Gay and bisexual men over the age of 70 tend to continue having an active sex life with multiple partners, according to a new study.

Researchers from the University of East Anglia (UEA) sought to understand how many sexual partners people typically have as they get older in order to improve mathematical models of sexually transmitted infections (STIs).

They found that 79 per cent of heterosexual women aged 70 and over had no partners in the last three weeks, while 17 per cent of gay men in the same age bracket had more than one sexual partner in the same timeframe.

Approximately half (50 per cent) of all heterosexual men involved in the study said they had one partner in the last three weeks – though this was increasingly likely to decrease to no partners as they got older.

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For example, 50 per cent of men aged 70 and over who had sex with a woman in the last three months did not report having a female partner in the last three weeks.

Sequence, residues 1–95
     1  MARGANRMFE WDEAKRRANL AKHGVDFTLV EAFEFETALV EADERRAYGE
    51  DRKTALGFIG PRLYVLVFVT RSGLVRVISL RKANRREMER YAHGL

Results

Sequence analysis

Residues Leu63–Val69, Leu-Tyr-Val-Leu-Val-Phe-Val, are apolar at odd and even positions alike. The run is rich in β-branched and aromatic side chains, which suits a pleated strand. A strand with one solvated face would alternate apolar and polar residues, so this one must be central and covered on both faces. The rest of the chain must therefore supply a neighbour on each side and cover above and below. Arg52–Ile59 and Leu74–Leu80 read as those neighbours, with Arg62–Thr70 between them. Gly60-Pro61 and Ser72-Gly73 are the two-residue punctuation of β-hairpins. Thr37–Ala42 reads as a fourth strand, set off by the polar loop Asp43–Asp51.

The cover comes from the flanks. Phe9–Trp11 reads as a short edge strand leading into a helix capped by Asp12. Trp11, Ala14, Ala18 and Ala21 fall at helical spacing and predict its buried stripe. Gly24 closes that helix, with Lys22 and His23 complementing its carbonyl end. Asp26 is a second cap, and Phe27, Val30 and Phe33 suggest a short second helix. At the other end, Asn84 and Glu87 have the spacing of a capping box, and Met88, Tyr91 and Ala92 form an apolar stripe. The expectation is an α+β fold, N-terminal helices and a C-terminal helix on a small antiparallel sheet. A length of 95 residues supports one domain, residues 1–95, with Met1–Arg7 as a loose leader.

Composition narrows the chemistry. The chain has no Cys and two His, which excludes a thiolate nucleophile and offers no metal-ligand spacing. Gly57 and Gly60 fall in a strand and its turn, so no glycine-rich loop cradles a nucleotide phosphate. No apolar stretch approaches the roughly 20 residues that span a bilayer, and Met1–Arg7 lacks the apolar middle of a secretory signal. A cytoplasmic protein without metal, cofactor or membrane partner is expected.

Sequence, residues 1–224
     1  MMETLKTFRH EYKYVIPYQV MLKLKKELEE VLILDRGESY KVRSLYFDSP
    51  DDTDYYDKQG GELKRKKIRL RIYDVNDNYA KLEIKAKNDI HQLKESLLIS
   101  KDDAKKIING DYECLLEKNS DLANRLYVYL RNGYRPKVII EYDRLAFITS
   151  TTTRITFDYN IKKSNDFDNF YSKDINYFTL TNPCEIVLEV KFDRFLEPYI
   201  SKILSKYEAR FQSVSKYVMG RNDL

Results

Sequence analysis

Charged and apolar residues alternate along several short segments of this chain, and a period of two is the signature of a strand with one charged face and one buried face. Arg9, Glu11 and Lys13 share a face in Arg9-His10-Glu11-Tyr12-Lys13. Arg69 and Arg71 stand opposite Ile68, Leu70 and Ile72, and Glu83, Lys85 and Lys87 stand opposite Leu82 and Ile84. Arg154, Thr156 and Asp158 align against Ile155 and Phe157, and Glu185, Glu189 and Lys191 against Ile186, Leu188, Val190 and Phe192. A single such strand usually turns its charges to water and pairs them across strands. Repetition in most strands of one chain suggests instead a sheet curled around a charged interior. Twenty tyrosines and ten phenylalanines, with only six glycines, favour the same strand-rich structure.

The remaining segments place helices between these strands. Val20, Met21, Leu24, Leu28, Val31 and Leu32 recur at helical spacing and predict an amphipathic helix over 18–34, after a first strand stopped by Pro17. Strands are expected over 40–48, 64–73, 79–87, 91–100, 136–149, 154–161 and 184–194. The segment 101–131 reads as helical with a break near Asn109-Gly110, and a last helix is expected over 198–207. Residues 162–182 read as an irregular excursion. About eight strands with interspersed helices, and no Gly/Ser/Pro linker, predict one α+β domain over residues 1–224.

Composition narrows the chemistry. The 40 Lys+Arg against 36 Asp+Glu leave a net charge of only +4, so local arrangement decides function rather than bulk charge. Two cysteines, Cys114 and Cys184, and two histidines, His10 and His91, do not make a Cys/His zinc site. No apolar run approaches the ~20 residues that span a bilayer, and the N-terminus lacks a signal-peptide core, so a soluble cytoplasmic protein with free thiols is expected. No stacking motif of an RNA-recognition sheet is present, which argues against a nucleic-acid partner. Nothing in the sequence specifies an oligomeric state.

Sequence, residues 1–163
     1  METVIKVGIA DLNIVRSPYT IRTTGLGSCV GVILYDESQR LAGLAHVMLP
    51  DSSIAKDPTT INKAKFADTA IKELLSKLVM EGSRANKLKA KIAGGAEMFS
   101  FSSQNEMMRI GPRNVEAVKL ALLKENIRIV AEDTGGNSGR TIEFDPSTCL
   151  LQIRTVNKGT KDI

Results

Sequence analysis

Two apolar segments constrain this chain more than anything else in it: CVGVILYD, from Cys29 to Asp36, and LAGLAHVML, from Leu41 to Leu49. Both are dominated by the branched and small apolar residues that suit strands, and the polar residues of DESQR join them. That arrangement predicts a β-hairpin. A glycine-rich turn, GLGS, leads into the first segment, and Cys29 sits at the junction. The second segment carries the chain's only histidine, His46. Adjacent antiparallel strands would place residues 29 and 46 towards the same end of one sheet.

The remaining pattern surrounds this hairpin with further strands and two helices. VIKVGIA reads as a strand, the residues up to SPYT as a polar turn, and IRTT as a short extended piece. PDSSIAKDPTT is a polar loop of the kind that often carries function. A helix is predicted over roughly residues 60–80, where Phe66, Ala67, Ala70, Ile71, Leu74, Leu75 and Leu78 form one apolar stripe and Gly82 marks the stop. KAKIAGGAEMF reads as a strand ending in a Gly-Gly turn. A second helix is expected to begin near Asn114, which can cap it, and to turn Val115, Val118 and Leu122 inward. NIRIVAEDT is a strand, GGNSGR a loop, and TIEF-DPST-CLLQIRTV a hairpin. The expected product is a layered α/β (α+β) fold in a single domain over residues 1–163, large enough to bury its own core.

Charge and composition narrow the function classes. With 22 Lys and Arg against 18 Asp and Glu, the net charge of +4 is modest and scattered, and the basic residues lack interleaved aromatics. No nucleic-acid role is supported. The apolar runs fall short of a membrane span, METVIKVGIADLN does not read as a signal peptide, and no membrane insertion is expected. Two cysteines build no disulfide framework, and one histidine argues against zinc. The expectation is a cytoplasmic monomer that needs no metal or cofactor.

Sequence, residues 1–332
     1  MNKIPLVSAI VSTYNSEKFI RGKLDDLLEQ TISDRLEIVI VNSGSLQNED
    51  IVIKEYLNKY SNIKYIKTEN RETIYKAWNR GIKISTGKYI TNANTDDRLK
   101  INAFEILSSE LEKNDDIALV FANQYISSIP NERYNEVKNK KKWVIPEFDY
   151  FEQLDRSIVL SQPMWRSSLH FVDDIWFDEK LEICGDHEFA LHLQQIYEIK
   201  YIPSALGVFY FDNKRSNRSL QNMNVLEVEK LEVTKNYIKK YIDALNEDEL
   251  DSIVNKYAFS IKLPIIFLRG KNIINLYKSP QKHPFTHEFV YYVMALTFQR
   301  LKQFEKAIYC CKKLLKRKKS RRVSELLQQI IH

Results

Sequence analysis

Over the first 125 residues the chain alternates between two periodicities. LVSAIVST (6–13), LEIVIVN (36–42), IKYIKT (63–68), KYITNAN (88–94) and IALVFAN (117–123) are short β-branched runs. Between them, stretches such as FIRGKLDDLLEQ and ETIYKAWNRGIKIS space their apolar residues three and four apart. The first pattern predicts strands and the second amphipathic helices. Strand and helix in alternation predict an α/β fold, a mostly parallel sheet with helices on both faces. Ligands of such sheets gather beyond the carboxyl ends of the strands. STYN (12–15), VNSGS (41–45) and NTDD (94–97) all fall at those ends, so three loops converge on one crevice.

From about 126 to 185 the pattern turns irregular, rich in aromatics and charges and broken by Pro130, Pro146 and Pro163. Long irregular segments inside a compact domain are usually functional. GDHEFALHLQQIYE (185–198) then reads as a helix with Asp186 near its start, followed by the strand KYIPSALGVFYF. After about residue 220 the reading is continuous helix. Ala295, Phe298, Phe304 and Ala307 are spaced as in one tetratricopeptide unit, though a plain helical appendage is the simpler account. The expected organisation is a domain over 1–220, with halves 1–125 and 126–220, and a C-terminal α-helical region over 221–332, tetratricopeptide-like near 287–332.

“Models of disease spread shouldn’t assume that young people are necessarily most at risk”

“Before this study, many models about sexually transmitted diseases assumed that everyone over a certain age — say 40 or 65 — stopped being sexually active, or at least stopped having multiple partners,” Dr Julii Brainard, from UEA’s Norwich Medical School, said.

“Or there might be an assumption that young people have the most sex.

“But the answer is more nuanced — and it partly depends on people’s sexuality.”

As part of the study, participants were asked their gender, sexual identity and how many sexual partners they had been with in the last three weeks and three months.

People having more than one recent sexual partner was uncommon in the wider population, but common among those who were recruited for the research via social media.

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Approximately 52 per cent of men found on Grindr reported having at least two recent male partners, a figure slightly lower (42 per cent) for those found via Facebook or Instagram.

In contrast, only two per cent of straight people over the age of 70 had multiple partners.

“Models of disease spread shouldn’t assume that young people are necessarily most at risk, or that having multiple partners just stops happening at a strict age threshold,” Brainard continued.

The study’s sample was made up of almost 3,300 people from the general population and 1,036 men who have sex with men.

It was conducted by UAE researchers in collaboration with King’s College London and University College London during the 2022 outbreak of mpox (formerly known as monkeypox).